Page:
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Editorial: Schultz-Taser dealings due serious cleanup measures

There is much to plug your nose about when it comes to former Albuquerque Police Department Chief Ray Schultz’s relationship with Taser International Inc.

Schultz retired in September 2013 and remained on APD’s payroll for several months, but quickly signed on as a consultant for the company that sells on-body cameras, 600 of which the city purchased in 2013.

As a result of Schultz’s cozy dealings with Taser, the city commissioned several audits, and councilors Ken Sanchez and Klarissa Peña asked for one by the state Auditor’s Office. The results were released last week by new State Auditor Tim Keller.

The audit says Schultz and others in APD received “certain benefits” from Taser as they helped the company secure a roughly $2 million no-bid contract to provide on-body cameras and other equipment.

Shortly after Schultz retired, his successor signed the final Taser contract, although Schultz allegedly in an email to Taser before he left said the approval process was “greased.” In retrospect, that may have been no more than an unfortunate choice of words, but it seems clear Schultz had a hand in getting the contract set up.

Schultz claimed Taser was the only company at the time that offered a way to securely upload body-camera video and provide other safeguards needed by APD. And a city employee answering a city Office of Internal Audit questionnaire said Taser cameras were better and more affordable than other products.

The auditor’s review found “probable violation” of state law and city ordinance, and deficiencies in the city procurement code and related ordinances.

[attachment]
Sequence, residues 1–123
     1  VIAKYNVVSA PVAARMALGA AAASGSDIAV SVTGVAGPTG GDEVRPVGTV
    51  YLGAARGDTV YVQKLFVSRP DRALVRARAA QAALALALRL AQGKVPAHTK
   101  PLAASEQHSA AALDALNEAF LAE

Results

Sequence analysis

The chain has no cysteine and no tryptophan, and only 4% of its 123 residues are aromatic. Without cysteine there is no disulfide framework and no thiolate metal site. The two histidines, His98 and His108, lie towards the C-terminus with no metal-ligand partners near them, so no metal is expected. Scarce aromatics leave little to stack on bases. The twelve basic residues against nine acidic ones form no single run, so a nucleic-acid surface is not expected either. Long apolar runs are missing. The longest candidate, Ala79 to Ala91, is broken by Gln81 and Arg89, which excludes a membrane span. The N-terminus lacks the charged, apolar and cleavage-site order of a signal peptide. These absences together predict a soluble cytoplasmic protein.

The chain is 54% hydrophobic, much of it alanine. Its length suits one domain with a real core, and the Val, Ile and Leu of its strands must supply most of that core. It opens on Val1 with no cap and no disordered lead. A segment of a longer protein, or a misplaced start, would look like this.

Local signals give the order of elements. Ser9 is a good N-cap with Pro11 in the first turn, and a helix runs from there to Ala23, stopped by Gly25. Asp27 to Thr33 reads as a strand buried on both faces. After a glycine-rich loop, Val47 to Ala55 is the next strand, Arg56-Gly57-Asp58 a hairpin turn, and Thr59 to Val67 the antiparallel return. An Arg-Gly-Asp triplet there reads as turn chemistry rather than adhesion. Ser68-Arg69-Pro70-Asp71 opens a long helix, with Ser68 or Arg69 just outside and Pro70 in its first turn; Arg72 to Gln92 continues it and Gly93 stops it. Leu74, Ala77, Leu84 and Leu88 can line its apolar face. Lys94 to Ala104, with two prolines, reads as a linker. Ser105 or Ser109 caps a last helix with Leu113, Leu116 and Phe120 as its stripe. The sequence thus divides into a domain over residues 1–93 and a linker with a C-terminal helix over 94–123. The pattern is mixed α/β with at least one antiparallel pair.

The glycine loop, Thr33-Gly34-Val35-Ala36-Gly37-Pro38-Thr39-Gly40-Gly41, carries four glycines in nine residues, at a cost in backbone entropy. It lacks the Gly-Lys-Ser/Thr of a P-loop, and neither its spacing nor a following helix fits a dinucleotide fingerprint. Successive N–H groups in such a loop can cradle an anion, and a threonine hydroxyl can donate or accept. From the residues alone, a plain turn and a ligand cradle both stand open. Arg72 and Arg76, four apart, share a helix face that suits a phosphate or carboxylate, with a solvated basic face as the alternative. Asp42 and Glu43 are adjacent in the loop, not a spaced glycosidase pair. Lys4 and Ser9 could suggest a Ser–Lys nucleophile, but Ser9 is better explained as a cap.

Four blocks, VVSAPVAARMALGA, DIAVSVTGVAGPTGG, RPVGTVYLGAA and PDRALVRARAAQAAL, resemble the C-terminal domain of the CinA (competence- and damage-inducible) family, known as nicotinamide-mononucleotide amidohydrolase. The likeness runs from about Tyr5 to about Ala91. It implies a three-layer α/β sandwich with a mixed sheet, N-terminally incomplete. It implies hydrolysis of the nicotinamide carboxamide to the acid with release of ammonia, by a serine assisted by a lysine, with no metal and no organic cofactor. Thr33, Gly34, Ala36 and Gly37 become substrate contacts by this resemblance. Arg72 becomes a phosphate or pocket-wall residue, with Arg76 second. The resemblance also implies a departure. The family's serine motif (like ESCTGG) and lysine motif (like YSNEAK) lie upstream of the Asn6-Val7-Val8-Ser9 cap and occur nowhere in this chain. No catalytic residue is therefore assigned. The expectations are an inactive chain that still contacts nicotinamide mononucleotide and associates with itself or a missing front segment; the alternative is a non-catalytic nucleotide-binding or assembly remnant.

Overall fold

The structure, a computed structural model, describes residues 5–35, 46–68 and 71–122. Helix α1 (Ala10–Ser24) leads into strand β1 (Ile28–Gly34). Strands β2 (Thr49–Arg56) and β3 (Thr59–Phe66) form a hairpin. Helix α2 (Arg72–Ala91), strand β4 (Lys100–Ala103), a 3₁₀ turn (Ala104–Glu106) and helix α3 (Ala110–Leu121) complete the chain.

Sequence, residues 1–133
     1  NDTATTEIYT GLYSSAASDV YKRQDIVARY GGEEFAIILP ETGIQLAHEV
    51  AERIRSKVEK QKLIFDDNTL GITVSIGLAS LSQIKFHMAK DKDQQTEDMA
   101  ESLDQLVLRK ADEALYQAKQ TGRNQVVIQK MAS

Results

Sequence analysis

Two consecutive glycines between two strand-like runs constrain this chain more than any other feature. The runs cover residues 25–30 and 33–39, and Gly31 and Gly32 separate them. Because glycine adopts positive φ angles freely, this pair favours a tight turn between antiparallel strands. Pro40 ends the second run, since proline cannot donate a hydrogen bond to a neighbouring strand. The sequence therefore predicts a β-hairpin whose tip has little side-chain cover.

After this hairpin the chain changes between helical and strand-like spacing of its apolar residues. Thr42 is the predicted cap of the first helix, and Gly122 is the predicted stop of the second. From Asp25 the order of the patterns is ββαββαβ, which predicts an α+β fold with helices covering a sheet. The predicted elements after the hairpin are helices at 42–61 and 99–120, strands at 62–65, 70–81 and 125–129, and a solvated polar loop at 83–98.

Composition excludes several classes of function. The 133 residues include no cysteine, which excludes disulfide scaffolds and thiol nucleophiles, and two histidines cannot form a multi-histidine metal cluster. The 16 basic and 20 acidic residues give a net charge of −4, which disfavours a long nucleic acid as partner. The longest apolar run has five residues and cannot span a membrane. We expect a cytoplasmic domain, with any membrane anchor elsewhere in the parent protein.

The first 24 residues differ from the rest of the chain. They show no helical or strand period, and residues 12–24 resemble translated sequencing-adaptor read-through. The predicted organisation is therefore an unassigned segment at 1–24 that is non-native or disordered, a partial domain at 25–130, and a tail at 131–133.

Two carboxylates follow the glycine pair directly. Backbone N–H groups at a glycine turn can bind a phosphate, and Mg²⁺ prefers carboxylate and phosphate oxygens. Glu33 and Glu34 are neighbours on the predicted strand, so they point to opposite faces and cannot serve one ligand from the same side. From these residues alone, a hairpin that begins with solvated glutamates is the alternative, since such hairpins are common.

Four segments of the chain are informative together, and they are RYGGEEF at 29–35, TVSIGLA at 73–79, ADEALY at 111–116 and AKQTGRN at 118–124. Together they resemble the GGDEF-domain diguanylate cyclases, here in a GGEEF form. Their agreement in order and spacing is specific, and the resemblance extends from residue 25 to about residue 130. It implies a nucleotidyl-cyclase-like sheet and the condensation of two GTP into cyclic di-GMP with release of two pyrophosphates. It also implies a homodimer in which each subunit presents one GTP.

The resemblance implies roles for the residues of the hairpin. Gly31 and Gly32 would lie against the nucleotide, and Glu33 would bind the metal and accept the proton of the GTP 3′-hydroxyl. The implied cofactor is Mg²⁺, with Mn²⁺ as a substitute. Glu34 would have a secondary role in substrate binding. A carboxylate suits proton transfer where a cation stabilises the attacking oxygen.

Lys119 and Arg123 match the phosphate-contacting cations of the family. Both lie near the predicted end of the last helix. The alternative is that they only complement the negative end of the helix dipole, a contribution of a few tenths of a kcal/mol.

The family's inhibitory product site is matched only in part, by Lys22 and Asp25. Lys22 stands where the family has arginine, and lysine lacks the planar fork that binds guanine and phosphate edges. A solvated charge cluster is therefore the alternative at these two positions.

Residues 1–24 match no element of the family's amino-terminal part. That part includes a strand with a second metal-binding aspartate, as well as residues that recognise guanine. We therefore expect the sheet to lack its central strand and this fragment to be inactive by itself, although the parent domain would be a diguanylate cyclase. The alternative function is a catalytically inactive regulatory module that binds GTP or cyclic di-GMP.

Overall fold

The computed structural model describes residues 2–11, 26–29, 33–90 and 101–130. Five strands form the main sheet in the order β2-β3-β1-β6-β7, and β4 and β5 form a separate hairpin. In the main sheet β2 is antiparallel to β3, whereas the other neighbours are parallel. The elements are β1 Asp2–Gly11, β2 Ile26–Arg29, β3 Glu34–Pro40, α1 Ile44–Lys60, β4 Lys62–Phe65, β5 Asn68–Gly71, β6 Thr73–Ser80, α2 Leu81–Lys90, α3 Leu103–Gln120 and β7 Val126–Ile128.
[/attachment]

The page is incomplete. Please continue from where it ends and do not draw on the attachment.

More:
Keller has recommended some changes, particularly clarifying definitions and limiting when a “sole source” procurement is permissible, and setting up an independent committee to review requests for purchases without seeking competing proposals. City Hall officials say they already have made some changes, including moving procurement decisions out of the police department.

While the known benefits to Schultz and other city employees at the time were not earth-shakingly lucrative, the point is that proper procedures may not have been followed, and Schultz and the city failed to err on the side of transparency when it came to spending $2 million of taxpayers’ money.

The aromas of an appearance of a conflict of interest at the least or potential criminal violations at the worst are stinking up the kitchen. The city should apply a whole lot of sunshine to this cleanup project.

This editorial first appeared in the Albuquerque Journal. It was written by members of the editorial board and is unsigned as it represents the opinion of the newspaper rather than the writers.

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